A couple of weeks ago I was looking at my site stats and realized that I was coming up to my 200th post. I never thought I would write this many. Granted, this writing has taken place over the last three plus years, but it’s been so sporadic over the bulk of this time that I’m surprised that I’ve come this far. Almost everything in my life has been a greater priority; from work to photography classes to looking for a boyfriend. I’ve thought of packing it in more than once. I’m not one who easily sustains commitments. Having a bit of an addictive personality, I tend to jump into things with both feet, and jump out just as quickly once I’ve mastered something or have just plain become bored with it.
The thing is that I enjoy this space as a reflection of who I am. My tastes, what I like to cook and eat, how I write. It’s been an evolution as well for me on many levels. When I first started this blog, I didn’t really know how to cook. I knew how to put together several dishes that I rotated, but I was missing the foundation of technique and there were a lot of basics to master. I also had zero interest in photography. Or at least thought I didn’t–until I took my first picture of my potato gratin and realized that I liked photography more than I liked writing, which is a lot.
Three years later I can honestly say that I’m not only a pretty good cook but also a decent baker. And my photography is finally improving. Last summer I started studying photography seriously and am close to wrapping up the prerequisites I need to actually get into a food photography class. I will always want to be a fiction writer and continue to work (ploddingly) on that goal, but the whole trajectory of my life has changed through this blog. I also want to be a photographer now. A photographer in the sense that people pay me for the pictures I take. I don’t necessarily have the expectation that I will ever make a full-time living at it, but a part of me thinks, Why not? Other people do.
I currently work as a career counsellor/coach. Most counsellors would tell a client like me to be more realistic, that there is no labour market to support photography as a valid career choice, as there is no labour market to support musicians, writers, or artists of another ilk. Not me. Whom am I to tell someone that their dreams are impossible? Empires have been built out of nothing. What would have become of Picasso, Da Vinci, Einstein if they had listened the advice to be practical? Yes, not everyone who wants to be a photographer is going to be the next Annie Leibovitz but this is not for me to decide. If there is anything I’ve learned through working with hundreds of people as a Career Planning specialist is that clients who oftentimes seem the most unlikely to succeed are the ones who triumph. It’s not always about life skills and emotional intelligence or what degrees you have; sometimes it’s determination and the lens with which you view yourself that matter most. Sometimes it’s goal setting, the ability to see the big picture, and often, asking yourself what you’re willing to give up to get what you want.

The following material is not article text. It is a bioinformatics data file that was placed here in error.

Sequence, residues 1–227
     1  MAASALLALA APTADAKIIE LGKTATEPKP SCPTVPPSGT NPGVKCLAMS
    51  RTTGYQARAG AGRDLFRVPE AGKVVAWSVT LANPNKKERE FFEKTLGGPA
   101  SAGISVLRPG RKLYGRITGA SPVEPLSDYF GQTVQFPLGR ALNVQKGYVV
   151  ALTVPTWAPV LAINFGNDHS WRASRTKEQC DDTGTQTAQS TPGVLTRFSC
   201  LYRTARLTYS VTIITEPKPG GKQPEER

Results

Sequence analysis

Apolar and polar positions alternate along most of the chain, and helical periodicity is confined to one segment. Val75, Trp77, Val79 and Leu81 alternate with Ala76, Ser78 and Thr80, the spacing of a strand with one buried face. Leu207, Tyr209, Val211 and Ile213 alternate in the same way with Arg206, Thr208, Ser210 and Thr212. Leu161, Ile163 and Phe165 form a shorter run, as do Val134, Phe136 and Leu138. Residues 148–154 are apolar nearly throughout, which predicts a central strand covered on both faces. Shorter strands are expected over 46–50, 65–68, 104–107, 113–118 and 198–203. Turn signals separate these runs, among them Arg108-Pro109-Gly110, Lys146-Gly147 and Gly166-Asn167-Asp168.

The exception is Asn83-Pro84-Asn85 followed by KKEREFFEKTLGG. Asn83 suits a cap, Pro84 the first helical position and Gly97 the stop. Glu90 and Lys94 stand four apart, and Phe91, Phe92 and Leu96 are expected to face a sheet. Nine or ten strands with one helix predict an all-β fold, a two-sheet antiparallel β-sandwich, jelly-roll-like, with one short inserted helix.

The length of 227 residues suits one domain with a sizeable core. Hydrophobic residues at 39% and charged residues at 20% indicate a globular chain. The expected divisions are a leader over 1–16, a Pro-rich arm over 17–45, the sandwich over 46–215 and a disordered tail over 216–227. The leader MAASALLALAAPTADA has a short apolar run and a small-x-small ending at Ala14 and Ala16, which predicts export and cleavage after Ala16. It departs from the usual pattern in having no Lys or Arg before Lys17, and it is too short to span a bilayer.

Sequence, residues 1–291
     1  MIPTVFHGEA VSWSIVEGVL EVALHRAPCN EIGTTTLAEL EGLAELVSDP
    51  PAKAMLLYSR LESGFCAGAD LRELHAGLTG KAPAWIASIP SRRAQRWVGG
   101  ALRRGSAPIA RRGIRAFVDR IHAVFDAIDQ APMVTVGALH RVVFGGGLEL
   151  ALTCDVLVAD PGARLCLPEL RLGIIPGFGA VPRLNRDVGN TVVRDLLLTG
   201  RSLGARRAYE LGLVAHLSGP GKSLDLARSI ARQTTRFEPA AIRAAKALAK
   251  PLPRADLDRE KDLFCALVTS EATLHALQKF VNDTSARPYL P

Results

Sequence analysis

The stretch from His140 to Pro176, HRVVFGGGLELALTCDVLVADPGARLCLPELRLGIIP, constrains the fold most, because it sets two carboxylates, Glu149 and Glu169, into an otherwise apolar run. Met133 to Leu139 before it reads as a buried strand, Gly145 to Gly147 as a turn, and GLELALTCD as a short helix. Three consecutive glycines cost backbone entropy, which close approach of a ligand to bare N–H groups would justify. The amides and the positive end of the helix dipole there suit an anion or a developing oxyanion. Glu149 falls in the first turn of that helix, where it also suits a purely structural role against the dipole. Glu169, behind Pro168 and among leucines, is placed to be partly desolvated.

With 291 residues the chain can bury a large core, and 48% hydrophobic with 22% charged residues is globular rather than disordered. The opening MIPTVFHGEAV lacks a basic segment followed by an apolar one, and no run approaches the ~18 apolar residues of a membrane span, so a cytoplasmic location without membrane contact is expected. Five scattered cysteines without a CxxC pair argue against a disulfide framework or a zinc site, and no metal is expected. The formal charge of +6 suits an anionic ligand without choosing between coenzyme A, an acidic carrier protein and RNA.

A couple of years ago I had a client whom I first thought was mentally retarded. She sat mutely at the back of the class, her hair flopping in her face as she doodled in her notebook. I thought she was not paying attention to anything at all, that someone had forced her to my workshops. It turned out that she was an incredible artist, her notebook full of intricate and beautiful illustrations. She wanted to be a graphic designer but had only ever worked as a nanny. She was dyslexic and had no money to go to school, often having to bum money off her parents to buy groceries. I talked about the importance of networking, building relationships, showing people what you can do. I guess she was listening because two weeks after she left my classroom she walked into a print shop and showed the owner her portfolio. He was so blown away by my client’s illustrations that he agreed to hire her–and train her on their software if she promised to go school. With money coming in, she was able to do exactly that.
This is not a stand-out story. It’s a common one, and I hear one like it almost every day. I, for one, have gotten every job I ever wanted because it never once occurred to me that I wouldn’t. The areas in my life where I struggle–my fiction writing, my love life–are the areas that are the most angsty, in which I am plagued by self doubt. I believe that most limitations in life are those we impose on ourselves.
I know this is a food blog but I’m not sure it’s all I want it to be anymore. Despite everything I have gained through this process, it’s a lot of work, and I’ve reached a place where writing about what I had for lunch is not enough. It needs to be a place I inhabit, not only through the lens of my camera, but also how I see the world metaphorically. I think there will be more pictures of food and fewer recipes. There are thousands of great blogs out there doing the recipe thing far better than me. I want to do more food-related book reviews, talk about what’s cooking in my amazing city, and refocus on the food I love best–rustic French country cooking.
As for the writing, I know that the kind of writing that personally draws me in the most is personal, writing that gives me something to identify with. I want to draw the curtain back a bit and I hope that there will be something here for you, and that you will continue with me on my journey as I veer down a slightly different path.
“Many of life’s failures are people who did not realize how close they were to success when they gave up.” -Thomas Edison